Item #24265 Autograph letter signed to "Dearest Ferdinando." Gaetano FRASCHINI.

Autograph letter signed to "Dearest Ferdinando."

1 page of a bifolium. Octavo. Dated Porretta, June 25, [18]71. In Italian (with translation).

Fraschini describes an unfortunate sojourn in Porretta.

"The Mignani are very kind and the apartment good but horribly located, where it is impossible to rest, and were it only last night, when the drunkards properly celebrated San Giovanni; then the narrow street with a shack on top – all considered I truly don't know if we'll stay... What is very comfortable is the bathing establishment, they are truly delightful baths, and were these absent, I don't think anyone would come to this town to be taken advantage of by paying 25 lire a day to rent a place situated between two butchers, a baker, several canteens, a clarinet player, a trombone player, and a hundred other devils... "

Slightly worn and soiled; creased at folds and overall; two short tears to central fold.

Fraschini "created Gerardo in Caterina Cornaro (1844); other Donizetti operas in which he sang included Linda di Chamounix, Maria di Rohan, La favorite, Poliuto and Lucia di Lammermoor. He was dubbed the ‘tenore della maledizione’ because of the force with which he delivered Edgardo’s curse in Lucia, and was noted above all as an early tenore di forza. He was chosen by Verdi to create Zamoro in Alzira (1845, Naples), Corrado in Il corsaro (1848, Trieste), Arrigo in La battaglia di Legnano (1849, Rome) and the title role of Stiffelio (1850, Trieste). He also appeared in Oberto, Ernani, I Lombardi, I masnadieri, Luisa Miller and Il trovatore. In 1856 he sang Henri in Les vêpres siciliennes at Rome, in 1858 Gabriele Adorno in Simon Boccanegra at Naples, and he created Riccardo in Un ballo in maschera (1859, Rome). It is a commentary on his technique and taste that, after so many forceful roles, he could still be expected to sing with the refinement and elegance necessary for Riccardo’s music. He sang in the first London performance of I due Foscari at Her Majesty’s Theatre (1847), in La forza del destino at Madrid (1863), and La traviata and Rigoletto at the Théâtre Italien, Paris (1864). He made his last appearance as Gennaro in Lucrezia Borgia at Rome in 1873 when, though in his late fifties, he still retained the firmness and security of his voice." Elizabeth Forbes in Grove Music Online.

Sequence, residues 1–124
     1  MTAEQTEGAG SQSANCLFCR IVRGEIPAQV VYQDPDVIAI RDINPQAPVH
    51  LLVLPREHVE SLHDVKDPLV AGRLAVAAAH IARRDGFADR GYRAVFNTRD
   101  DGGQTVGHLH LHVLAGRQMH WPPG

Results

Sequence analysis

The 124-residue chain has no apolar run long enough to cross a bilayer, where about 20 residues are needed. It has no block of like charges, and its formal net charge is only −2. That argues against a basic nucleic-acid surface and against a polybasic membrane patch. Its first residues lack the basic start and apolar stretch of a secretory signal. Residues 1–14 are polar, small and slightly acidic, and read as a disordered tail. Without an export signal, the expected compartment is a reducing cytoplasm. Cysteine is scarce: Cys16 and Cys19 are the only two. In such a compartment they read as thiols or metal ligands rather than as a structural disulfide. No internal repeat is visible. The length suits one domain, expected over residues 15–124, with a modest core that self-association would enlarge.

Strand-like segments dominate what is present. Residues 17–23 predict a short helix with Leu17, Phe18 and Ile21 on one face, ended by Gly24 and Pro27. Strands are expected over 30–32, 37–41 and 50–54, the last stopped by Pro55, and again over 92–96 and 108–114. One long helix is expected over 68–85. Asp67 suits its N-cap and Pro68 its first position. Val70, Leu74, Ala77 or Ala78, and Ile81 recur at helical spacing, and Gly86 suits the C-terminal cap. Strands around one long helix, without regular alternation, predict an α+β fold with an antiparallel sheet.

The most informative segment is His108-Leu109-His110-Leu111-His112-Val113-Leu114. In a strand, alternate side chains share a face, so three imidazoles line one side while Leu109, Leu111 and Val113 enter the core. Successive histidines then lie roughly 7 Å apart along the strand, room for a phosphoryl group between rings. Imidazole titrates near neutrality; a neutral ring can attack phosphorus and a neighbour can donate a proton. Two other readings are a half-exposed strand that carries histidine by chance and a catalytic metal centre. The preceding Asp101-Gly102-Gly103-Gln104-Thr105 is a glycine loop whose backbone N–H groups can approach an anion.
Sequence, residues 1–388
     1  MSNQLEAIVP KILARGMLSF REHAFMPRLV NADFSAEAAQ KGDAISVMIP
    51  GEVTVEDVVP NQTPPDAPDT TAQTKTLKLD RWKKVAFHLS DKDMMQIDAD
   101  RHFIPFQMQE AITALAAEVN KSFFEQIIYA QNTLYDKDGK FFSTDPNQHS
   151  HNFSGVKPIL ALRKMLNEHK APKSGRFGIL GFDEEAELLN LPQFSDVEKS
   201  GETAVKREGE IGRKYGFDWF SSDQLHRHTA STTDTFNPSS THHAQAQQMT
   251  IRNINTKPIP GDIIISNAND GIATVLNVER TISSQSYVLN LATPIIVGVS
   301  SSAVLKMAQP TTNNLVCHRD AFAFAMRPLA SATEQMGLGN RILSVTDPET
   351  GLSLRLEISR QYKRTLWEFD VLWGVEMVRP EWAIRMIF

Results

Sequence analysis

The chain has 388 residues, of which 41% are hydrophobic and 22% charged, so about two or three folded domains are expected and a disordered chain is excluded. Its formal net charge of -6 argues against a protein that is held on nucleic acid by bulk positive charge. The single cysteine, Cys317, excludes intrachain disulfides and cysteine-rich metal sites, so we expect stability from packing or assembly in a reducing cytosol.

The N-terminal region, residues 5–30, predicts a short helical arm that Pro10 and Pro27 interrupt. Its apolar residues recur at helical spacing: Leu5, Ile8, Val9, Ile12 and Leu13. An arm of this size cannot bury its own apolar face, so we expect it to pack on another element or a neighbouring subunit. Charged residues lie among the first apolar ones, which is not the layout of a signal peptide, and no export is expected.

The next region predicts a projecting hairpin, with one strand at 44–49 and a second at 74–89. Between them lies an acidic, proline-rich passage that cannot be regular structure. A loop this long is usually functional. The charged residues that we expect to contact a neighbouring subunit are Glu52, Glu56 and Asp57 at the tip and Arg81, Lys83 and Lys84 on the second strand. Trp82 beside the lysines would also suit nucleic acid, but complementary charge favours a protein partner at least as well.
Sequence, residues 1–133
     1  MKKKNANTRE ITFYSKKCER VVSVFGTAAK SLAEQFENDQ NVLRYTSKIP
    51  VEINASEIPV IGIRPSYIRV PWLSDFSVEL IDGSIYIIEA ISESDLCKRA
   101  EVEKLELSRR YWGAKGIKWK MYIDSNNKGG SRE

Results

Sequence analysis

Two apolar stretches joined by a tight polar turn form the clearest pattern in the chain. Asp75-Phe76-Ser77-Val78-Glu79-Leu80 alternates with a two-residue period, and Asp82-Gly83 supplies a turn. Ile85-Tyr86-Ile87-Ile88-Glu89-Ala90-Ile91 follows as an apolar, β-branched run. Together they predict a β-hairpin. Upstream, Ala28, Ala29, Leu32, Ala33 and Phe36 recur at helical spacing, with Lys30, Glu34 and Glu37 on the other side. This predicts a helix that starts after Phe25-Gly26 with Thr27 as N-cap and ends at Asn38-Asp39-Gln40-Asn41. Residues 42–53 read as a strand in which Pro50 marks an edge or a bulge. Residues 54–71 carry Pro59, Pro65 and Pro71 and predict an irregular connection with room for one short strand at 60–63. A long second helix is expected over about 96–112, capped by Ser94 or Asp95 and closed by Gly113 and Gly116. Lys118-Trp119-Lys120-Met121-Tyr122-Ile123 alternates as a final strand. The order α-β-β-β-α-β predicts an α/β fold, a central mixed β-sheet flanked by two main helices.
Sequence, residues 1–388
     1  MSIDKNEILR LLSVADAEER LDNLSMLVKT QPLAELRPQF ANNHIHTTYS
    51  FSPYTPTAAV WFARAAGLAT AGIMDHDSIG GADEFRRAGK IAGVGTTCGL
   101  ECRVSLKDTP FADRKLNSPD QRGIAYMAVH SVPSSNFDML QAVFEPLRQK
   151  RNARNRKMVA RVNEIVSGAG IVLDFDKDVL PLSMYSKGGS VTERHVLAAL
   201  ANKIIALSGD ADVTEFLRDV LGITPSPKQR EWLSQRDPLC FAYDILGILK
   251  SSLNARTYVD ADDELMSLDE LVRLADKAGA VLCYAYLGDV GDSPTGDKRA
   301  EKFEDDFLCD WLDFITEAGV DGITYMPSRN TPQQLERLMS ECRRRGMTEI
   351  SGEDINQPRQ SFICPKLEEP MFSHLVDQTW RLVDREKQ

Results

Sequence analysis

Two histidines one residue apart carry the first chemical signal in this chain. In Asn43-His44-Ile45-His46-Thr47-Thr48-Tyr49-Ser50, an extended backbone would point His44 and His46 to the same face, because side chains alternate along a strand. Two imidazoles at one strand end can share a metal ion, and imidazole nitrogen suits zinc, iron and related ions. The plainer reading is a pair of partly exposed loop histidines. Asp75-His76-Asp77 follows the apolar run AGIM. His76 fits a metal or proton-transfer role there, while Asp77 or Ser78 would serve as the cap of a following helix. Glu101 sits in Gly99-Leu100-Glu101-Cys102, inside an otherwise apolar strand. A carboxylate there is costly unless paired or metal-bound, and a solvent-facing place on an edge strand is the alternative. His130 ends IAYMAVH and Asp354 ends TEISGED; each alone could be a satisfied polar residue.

Item #24265

Price: $150.00  other currencies

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